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The SKINNY on FATTENING Food

Sep 22, 2012 by     15 Comments    Posted under: Tips & Advice

Obesity is the most common health problem in our pet cats. One of the reasons is the TYPE of food being fed, not necessarily the number of calories. Cats are desert creatures and are true carnivores. In nature, cats eat mice, birds, reptiles, and bugs to build a healthy diet. Dogs and people are omnivores, meat and plant eaters.

Cats are unable to properly digest carbohydrates. Most dry foods have high carbohydrate levels due to the grain that is required to form the product.

A young healthy cat should be eating a diet similar to his wild cousins – one that is high in protein, high in fats, and low in carbohydrates. A mouse is composed of about 40-45% protein, 40-45% fat, and only 3-5% carbohydrates.

High carbohydrate diets may cause obesity and health problems.

Carbohydrates cause overproduction of insulin, increased hunger, and weight gain. There are health concerns related to this weight gain, not the least of which is diabetes. A cat with a high carbohydrate diet often has a flakey coat (some owners think this is dandruff) or some may be greasy. Overweight cats often are not able to groom as well, sometimes culminating in poor bathroom grooming behaviors. Weight can affect your cat’s joints causing them to forgo jumping, or they may be less willing to play.  It is not uncommon to have an obese cat newly diagnosed with diabetes who can be converted to a non-diabetic state just by altering the diet. The key is to significantly decrease the carbohydrate content in their diet and begin a slow weight loss program.

Cats are desert creatures and in nature derive a large portion of their water from the food they eat.

Canned food has a much higher water content than dry food. Cats should be encouraged to drink fresh water daily, with the use of kitty fountains or running water taps, to properly dilute their urine.

There is little evidence to suggest that dry food plays a significant role in maintaining oral health.

The research suggesting that dry food is better for oral health was done on dogs, not cats. A cat’s jaw does not go side-to-side as a person’s would, so there can be no true chewing. Cats use their teeth in the wild to catch and tear their food, and in the process mechanically clean their teeth. The food pieces are then swallowed whole.  Commercial dry kibble is throat sized, so our domestic cats have little opportunity to rip and tear into their food!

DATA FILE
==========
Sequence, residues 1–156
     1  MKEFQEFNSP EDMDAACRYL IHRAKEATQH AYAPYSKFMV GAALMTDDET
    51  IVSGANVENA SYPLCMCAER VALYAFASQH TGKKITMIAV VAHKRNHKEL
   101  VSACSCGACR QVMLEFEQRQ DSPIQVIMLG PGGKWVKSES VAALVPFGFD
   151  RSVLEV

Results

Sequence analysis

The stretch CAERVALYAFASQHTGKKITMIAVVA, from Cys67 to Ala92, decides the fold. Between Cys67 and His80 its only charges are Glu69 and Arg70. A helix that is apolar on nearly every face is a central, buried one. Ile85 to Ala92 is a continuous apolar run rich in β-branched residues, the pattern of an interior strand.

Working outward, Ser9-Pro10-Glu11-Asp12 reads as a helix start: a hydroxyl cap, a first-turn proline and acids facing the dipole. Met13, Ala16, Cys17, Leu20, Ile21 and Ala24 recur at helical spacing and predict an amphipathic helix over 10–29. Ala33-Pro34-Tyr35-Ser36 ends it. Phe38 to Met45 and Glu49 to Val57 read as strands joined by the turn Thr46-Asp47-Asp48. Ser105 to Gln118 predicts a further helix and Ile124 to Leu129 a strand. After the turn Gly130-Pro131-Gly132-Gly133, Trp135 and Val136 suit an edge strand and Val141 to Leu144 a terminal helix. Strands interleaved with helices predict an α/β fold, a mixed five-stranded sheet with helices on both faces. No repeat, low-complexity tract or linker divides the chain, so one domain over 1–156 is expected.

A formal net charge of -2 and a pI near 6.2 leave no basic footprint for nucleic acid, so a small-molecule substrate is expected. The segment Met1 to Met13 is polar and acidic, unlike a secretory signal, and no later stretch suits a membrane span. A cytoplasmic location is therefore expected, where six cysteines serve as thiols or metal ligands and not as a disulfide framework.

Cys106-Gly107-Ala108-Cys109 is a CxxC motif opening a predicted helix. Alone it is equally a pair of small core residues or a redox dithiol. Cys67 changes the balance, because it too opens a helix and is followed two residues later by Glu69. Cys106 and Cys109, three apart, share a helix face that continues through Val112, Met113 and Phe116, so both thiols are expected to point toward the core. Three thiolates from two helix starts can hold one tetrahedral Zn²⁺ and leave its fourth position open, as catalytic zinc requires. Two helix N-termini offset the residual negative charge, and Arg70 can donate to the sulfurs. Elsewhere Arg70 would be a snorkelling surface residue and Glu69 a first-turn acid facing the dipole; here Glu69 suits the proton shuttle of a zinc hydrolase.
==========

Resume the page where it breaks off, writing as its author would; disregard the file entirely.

Canned foods have much lower levels of carbohydrates because they lack the grain needed to process the dry kibble. There are many good commercial brands of canned foods available. If your cat does not like canned food, there are a few brands of dry kibble that are lower in carbohydrates.

During your cat’s physical exam pre-existing medical conditions, sex, breed, and age are evaluated to allow us to make specific diet recommendations for your cat.

MYTH BUSTERS – Canned food is NOT fattening. Most brands of dry kibble do NOT help the teeth.

Dr Elyse Kent

Dr. Elyse Kent graduated from Michigan State University College of Veterinary Medicine in 1980 and completed an Internship at West Los Angeles Veterinary Medical Group in 1981.

In her early years in practice, Dr. Kent began to see a need for a separate medical facility just for cats, where fear and stress would be reduced for feline patients. In 1985, in a former home in Santa Monica, Dr. Kent opened the only exclusively feline veterinary clinic in Los Angeles, Westside Hospital for Cats (WHFC). Along with other forward-thinking feline practitioners from across North America, Dr. Kent founded the Academy of Feline Medicine in 1991. Through the efforts of these practitioners, feline medicine and surgery became a certifiable species specialty through the American Board of Veterinary Practitioners (ABVP). Dr. Kent became board certified in Feline Practice in the first group to sit for the Feline exam in 1995. She certified for an additional ten (10) years in 2005. There are now 78 feline specialists in the world. Dr. Kent served as the Feline Regent and Officer on the Council of Regents for 9 years. She is currently the immediate Past President of the ABVP, which certifies all species specialists. She also heads up a task force joining certain efforts of the ABVP with The American Animal Hospital Association (AAHA). She currently serves as a Director on the Executive Board of The American Association of Feline Practitioners.

The present day WHFC facility opened in 2000. It was the fulfillment of a vision for a spacious, delightful, state of the art, full service cat medical center that Dr. Kent had dreamed of and planned for over many years.

Westside Hospital for Cats
2317 Cotner Ave.
Los Angeles, CA 90064

Phone: 310-479-2428

Website: http://www.westsidehospitalforcats.com/